Hecate links to this story about Catholic charitable giving recommendations:
The Diocese of Little Rock is urging its members not to donate to a breast cancer foundation known for its fundraising races across the globe because the group supports Planned Parenthood.
The diocese says the Susan G. Komen for the Cure foundation, which has invested about $1 billion in cancer outreach and research, gives money to Planned Parenthood to hold breast exams and offer education to women in its clinics.
"Donors cannot control how an organization designates its funds," a diocese statement reads. "Therefore, money donated for a specific service ... directly frees up funds to support other areas of an organization's agenda."
Marianne Linane, director of the diocese's "respect life" office, said those other agendas includes abortions and contraceptive services. The Catholic church's policy is that abortion is wrong in every instance.
As Hecate points out, that the money donated is fungible is something we have chosen to ignore when watching how the Bush administration gives large handouts to various religious groups, but only to be used for, oh, say the provision of social services such as drug rehabilitation treatments, not for actually preaching or evangelizing to people. But of course the very same groups now have more money left for those exact tasks, thanks to taxpayers. Because money is fungible.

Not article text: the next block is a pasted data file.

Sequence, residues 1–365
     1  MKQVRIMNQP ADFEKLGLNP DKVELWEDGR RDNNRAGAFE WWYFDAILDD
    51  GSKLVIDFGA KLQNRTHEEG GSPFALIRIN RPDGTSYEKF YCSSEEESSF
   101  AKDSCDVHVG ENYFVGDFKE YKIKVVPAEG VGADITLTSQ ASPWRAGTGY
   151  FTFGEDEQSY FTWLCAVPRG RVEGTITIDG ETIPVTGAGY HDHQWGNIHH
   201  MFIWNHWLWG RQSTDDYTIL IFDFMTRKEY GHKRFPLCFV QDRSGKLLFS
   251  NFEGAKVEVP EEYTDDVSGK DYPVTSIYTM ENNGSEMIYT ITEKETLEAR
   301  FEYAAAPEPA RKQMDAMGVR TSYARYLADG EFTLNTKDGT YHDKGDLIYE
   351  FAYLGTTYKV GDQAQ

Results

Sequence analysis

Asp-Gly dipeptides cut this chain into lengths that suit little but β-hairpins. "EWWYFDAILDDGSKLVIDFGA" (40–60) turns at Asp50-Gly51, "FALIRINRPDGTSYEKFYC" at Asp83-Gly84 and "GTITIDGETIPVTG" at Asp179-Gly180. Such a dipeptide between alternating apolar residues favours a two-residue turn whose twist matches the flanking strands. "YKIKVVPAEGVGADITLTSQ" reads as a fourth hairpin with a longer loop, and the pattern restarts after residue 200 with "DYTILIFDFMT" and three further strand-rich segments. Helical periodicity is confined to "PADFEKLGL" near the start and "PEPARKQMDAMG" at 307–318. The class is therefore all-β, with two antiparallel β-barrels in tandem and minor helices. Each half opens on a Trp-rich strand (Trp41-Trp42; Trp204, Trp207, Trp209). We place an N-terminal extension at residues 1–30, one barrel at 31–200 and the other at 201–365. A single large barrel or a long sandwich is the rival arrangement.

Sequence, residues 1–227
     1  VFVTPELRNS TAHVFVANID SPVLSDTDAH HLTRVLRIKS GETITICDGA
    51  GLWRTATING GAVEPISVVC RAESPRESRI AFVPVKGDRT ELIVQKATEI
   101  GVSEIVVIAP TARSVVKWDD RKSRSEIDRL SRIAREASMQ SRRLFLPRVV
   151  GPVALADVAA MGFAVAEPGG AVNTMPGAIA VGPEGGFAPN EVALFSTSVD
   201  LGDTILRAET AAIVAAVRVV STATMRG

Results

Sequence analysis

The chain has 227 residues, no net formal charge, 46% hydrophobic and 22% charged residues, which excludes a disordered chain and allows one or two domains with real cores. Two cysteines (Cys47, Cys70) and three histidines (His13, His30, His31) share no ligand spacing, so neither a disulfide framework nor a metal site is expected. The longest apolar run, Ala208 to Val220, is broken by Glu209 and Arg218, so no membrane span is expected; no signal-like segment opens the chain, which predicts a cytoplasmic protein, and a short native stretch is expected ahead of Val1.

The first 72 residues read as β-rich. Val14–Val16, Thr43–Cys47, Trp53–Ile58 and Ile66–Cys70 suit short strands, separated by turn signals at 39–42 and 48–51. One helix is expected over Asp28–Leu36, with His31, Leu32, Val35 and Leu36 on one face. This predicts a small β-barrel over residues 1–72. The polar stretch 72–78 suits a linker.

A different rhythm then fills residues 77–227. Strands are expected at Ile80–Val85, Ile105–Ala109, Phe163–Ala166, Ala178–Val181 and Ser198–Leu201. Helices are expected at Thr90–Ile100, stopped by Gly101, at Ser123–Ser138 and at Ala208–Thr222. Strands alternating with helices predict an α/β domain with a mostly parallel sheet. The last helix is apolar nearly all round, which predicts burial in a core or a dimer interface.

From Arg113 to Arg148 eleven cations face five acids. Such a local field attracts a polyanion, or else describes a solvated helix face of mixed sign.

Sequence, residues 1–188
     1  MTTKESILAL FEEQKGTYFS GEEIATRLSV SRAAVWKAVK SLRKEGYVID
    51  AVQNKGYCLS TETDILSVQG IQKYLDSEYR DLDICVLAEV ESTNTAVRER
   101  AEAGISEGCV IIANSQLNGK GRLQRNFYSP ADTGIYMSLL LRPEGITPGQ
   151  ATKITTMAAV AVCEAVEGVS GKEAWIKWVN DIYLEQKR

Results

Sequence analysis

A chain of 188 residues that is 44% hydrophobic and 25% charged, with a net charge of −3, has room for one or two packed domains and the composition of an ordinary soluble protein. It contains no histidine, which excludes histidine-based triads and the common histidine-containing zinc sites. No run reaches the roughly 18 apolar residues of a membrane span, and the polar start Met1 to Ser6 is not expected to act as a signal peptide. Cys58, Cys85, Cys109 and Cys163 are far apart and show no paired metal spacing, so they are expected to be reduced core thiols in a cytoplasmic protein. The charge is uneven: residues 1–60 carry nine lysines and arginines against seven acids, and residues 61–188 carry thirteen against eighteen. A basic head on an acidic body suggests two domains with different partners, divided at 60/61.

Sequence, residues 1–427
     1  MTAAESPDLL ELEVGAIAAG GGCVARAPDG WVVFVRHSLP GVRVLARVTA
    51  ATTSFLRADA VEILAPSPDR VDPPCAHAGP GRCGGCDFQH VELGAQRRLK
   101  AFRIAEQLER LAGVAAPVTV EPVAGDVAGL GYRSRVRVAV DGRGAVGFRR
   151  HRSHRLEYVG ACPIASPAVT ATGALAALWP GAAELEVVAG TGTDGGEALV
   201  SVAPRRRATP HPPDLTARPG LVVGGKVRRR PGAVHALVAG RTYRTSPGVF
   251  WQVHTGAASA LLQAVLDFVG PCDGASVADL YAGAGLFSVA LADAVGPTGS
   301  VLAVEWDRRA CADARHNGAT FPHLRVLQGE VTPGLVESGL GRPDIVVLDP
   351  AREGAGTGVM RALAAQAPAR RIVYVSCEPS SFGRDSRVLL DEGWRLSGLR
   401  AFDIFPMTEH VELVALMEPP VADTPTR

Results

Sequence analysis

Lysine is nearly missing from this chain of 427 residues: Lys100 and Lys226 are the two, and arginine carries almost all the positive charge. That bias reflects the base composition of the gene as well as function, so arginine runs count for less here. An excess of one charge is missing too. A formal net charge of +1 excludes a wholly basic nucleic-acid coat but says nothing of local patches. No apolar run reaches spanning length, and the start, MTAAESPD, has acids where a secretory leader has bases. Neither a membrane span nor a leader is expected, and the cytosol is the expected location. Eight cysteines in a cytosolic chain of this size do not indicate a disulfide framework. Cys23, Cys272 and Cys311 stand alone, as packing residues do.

But isn't it interesting that the bad agendas include contraceptive services? Better women dead than on the pill? I hope not.
Added later: Charitable giving can take strange forms:
For the past four years, Catholic Charities instructors have provided the sex-ed instruction in Chandler schools free of charge. They typically come to the public schools for a week to present the material.
Chandler Unified associate superintendent Susan Eissinger said there's no change in the basic message of the program, emphasizing that abstinence is the only 100 percent effective way to avoid pregnancy and sexually transmitted diseases. Discussion of birth control is not a part of the curriculum.
The long tentacles of the faithful reaching everywhere? Note also how these abstinence programs always have sections on how to say no but never seem to have sections on how not to press someone else for sex.